7 Miles a Second sticks, it imprints on your brain — it challenges in the way all art means to do. As much a memoir as it is a graphic novel, 7 Miles a Second tells stories from the life of David Wojnarowicz — a man who was a street hustler, an artist, an AIDS patient and most importantly, a human being. In his thirty-seven years, Wojnarowicz was at war with apathy, as an artist and later as an activist he made sure to be heard, to bring the mainstream to the margins and to hold the powerful accountable.
These are Wojnarowicz's words and his world, however, 7 Miles a Second is very much the creation of James Romberger and Marguerite Van Cook. Together Romberger's art and Van Cook's indelible water colors give body, realness, and life to Wojnarowicz's memories, snatches of overheard dialogue, and dreams. Originally published by Vertigo Comics in 1996 without Van Cook's original watercolors and in a smaller format, 7 Miles a Second has been reprinted by Fantagraphics Books as its creators intended. I spoke with Romberger and Van Cook through email about Wojnarowicz, 7 Miles a Second, and how comics can break your heart.
Keith Silva for Comics Bulletin: How did you first meet David Wojnarowicz?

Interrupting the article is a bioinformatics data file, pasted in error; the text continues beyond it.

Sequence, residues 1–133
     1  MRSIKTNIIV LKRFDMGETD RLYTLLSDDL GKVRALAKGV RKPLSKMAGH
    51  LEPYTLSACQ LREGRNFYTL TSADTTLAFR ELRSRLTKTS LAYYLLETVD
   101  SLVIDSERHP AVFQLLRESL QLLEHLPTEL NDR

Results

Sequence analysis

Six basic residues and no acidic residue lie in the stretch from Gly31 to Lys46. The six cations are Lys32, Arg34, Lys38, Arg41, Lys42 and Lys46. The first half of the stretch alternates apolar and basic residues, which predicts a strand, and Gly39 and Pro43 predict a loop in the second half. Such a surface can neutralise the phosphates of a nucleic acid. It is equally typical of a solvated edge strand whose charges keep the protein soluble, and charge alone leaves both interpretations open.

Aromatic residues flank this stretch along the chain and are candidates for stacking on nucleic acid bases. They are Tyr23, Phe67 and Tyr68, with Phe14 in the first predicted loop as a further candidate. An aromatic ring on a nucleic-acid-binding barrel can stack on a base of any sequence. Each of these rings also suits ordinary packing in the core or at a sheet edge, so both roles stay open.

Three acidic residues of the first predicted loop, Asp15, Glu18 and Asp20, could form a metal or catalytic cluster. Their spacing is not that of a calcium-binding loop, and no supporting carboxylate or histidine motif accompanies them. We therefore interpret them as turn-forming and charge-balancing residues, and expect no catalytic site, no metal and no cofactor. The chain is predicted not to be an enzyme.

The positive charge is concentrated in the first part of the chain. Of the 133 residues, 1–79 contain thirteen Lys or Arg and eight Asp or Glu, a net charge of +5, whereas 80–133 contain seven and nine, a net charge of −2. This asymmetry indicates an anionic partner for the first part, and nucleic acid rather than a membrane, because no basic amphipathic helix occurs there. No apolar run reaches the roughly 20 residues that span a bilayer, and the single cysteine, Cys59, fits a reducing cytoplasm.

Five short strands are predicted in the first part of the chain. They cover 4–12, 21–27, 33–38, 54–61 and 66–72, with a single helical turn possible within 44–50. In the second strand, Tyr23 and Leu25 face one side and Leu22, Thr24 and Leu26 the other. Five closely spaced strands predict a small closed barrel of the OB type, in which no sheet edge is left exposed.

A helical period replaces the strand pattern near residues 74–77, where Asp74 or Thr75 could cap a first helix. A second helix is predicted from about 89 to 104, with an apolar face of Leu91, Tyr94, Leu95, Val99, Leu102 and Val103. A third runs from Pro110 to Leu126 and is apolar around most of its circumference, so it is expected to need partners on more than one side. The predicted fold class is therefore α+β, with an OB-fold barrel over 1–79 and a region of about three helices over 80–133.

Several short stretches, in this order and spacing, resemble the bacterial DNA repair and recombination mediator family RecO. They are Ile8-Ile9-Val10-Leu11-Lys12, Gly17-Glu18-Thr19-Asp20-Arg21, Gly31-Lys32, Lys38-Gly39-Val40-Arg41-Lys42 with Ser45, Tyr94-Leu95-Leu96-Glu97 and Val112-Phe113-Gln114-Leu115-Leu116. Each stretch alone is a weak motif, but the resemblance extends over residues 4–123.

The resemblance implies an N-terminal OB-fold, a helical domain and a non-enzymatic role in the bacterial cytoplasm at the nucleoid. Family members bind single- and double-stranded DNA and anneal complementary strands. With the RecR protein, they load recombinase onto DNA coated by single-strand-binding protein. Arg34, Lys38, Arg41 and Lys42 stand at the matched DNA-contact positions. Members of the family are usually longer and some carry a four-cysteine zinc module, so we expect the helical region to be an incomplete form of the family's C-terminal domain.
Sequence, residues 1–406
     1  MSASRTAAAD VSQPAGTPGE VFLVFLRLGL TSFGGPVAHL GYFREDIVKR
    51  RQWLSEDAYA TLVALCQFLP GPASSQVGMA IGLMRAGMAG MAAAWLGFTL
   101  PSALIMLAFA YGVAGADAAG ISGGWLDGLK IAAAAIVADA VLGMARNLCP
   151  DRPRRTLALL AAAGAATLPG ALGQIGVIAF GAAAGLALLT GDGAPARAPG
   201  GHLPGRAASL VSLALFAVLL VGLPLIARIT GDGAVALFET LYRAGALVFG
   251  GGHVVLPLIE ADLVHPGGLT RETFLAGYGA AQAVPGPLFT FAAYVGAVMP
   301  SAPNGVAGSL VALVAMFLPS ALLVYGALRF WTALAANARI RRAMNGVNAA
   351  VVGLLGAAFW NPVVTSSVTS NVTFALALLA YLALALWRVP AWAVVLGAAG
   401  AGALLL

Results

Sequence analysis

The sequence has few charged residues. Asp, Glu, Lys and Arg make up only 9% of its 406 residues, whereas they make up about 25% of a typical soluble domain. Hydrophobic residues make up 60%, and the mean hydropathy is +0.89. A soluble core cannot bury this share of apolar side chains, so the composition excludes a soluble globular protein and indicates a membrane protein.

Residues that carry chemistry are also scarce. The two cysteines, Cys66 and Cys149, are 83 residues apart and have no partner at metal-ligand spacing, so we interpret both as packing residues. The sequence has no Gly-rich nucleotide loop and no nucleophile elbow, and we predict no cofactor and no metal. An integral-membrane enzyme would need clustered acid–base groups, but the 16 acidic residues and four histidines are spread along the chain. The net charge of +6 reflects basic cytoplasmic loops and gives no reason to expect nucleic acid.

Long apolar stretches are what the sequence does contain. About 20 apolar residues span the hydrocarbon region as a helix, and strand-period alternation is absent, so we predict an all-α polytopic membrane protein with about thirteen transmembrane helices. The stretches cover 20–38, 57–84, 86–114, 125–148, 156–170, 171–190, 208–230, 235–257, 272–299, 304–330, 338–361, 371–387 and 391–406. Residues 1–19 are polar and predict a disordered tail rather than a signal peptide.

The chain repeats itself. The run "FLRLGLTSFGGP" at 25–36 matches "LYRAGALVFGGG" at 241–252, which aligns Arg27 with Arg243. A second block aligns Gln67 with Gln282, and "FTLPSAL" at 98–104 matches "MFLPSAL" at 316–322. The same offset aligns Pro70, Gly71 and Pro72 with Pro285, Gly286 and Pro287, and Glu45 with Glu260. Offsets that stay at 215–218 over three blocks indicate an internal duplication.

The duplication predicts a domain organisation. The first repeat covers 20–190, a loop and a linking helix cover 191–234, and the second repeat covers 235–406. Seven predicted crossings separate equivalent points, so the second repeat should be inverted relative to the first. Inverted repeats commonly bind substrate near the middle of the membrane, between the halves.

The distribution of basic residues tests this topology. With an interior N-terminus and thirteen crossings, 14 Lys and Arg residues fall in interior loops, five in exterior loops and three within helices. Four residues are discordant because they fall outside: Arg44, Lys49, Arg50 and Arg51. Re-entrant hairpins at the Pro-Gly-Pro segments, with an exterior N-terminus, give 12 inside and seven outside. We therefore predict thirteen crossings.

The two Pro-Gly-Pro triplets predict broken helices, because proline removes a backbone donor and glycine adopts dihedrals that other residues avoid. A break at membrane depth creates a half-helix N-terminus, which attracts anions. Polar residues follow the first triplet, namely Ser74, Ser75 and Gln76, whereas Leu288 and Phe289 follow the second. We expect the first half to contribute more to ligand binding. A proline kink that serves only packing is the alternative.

James Romberger: In the early 1980s Dean Savard's intense gallery ''Civilian Warfare'' was on 11th Street, around the corner from Marguerite's rehearsal studio on Avenue A. Marguerite suggested to me that I go there to see Greer Lankton's amazing show, which documented her sex-change and I was impressed. So a few weeks later, I walked into the gallery with my rolled-up pastel drawings. On the floor of the tiny space, a kind of raw-boned guy was hacking away at a bit of driftwood, making totem poles.
This was David.
He was tall and lanky with glasses on a long-jawed, expressive and sympathetic face. He had a really deep and rolling, cracked-earth voice. I said I wanted to show Dean my work and David asked to see them, so I rolled them out onto the floor. He was really enthusiastic — he said he'd tell Dean to check the stuff out and when I left, I felt sure I'd get a show there — the first gallery I'd shown my art to! I didn't end up showing there, but that was probably because we started our own gallery.
Marguerite Van Cook: David came into our gallery ''Ground Zero,'' — it was at first located in the old ''Civilian Warfare'' space — and he and I began going for breakfast together on a regular basis. We had a lot in common, art, music, difficult lives growing up, so that we hit it off right away.